Buyers Rush to Lock In Rates

A door opening up to the inside of a home with a key in the lock and a house-shaped keychain hanging down.

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With mortgage rates are on the rise, buyers are watching them closely—and nervously. Their anxiety may be intensified by the rising costs of home prices. Home prices are up nearly 16% compared to a year ago, according to National Association of REALTORS®’ data.

Some buyers are arranging rate locks to ensure the stability of their mortgage rate as they shop for a home. That way, if interest rates rise further, they can look for homes knowing they have a set rate. For these buyers, the peace of mind of a long rate lock may be worth the extra cost to hold that interest rate.

While rate locks are most commonly for 30 days, buyers can lock rates for 45 days or more. But buyers must pay for a rate lock, and will pay more for a longer hold.

Buyers are also looking at buying down their interest rate by paying points to get a more attractive rate. Lenders may offer an option to pay a lump sum up front to lower the interest rate over the life of a loan. One discount point, in general, costs 1% of the total mortgage and could lower the interest rate by around 0.25%. Purchasing points could save tens of thousands and even hundreds of thousands of dollars over the life of a loan, lenders say, for buyers nervous about rising rates.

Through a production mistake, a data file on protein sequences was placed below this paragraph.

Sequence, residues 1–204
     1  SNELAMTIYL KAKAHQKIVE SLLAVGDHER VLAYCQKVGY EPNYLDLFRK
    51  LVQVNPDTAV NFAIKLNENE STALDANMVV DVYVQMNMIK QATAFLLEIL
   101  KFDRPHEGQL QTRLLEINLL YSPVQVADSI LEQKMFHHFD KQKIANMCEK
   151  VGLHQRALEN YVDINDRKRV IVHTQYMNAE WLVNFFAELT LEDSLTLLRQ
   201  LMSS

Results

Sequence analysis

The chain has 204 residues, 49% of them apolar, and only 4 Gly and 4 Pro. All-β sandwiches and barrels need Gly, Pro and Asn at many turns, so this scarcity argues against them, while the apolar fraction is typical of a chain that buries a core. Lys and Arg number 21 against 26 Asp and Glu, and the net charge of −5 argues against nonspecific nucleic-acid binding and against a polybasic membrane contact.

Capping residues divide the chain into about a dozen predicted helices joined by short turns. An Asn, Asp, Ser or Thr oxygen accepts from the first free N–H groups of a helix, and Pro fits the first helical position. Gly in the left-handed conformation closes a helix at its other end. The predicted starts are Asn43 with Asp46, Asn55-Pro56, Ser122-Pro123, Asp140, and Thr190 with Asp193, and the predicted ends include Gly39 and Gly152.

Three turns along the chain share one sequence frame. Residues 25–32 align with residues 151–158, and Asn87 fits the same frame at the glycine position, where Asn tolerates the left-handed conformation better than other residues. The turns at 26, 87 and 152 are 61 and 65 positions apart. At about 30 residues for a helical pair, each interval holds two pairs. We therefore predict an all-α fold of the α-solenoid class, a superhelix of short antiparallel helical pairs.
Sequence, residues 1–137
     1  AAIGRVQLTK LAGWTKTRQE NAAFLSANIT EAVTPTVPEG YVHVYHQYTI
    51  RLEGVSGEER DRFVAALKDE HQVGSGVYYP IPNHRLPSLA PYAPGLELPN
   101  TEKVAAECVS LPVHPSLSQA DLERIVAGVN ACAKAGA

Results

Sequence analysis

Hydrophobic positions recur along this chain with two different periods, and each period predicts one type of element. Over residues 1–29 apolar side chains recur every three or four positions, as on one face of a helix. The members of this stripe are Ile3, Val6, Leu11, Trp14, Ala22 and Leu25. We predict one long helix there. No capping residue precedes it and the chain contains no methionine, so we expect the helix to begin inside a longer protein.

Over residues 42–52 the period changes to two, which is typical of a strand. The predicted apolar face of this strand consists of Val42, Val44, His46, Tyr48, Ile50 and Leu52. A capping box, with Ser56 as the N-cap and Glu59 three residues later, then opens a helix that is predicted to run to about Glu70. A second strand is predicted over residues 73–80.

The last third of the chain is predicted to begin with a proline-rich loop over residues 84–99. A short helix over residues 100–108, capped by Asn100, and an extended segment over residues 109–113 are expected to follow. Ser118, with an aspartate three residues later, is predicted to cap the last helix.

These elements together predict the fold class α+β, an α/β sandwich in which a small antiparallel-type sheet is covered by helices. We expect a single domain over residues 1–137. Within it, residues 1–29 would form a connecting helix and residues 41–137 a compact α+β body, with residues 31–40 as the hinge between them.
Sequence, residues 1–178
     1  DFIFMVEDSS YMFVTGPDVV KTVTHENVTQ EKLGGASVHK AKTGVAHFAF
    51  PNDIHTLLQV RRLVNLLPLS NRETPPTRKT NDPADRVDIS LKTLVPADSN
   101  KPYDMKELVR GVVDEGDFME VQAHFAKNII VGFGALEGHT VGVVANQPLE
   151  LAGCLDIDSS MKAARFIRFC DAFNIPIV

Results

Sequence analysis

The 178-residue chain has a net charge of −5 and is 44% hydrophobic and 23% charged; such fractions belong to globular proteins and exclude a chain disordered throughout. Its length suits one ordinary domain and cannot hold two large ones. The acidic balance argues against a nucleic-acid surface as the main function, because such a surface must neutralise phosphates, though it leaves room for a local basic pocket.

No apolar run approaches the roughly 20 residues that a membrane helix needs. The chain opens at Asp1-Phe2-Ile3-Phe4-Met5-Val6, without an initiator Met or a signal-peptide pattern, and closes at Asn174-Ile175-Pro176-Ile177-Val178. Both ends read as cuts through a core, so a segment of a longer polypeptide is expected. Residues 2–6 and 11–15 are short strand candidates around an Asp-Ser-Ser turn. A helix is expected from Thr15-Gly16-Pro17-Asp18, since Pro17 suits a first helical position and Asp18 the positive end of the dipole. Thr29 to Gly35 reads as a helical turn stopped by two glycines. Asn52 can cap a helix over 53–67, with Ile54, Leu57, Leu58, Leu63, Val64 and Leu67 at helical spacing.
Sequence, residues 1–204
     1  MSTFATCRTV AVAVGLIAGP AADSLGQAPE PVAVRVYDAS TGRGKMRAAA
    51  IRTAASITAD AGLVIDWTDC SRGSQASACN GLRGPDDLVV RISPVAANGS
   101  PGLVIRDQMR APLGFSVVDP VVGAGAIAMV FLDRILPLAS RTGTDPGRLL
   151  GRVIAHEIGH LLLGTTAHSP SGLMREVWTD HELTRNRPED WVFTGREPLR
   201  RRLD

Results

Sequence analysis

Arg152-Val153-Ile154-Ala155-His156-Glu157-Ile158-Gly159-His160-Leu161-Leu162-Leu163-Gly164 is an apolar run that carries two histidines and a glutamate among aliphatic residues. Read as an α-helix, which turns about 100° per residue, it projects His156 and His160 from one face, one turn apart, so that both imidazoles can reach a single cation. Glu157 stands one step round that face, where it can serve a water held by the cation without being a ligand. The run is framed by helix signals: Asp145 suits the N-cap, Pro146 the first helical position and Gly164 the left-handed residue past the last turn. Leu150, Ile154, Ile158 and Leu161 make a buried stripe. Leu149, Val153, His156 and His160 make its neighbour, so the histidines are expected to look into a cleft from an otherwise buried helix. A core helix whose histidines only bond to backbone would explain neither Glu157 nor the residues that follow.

Pressure on Rates

However, Nadia Evangelou, senior economist and director of forecasting at the National Association of REALTORS®, tells buyers not to panic about rates. The Federal Reserve last week announced it would raise its interest rates in March to help mitigate inflation. Mortgage rates, however, typically follow the trend of the 10-year Treasury yield and not the Fed’s key benchmark short-term rates, although the latter can influence mortgage rates.

NAR predicts the 30-year fixed-rate mortgage will rise this year and average 3.9% by the end of the year. Thirty-year rates currently average 3.55%, according to Freddie Mac.

“Even with this increase, mortgage rates will remain near historic lows,” Evangelou says.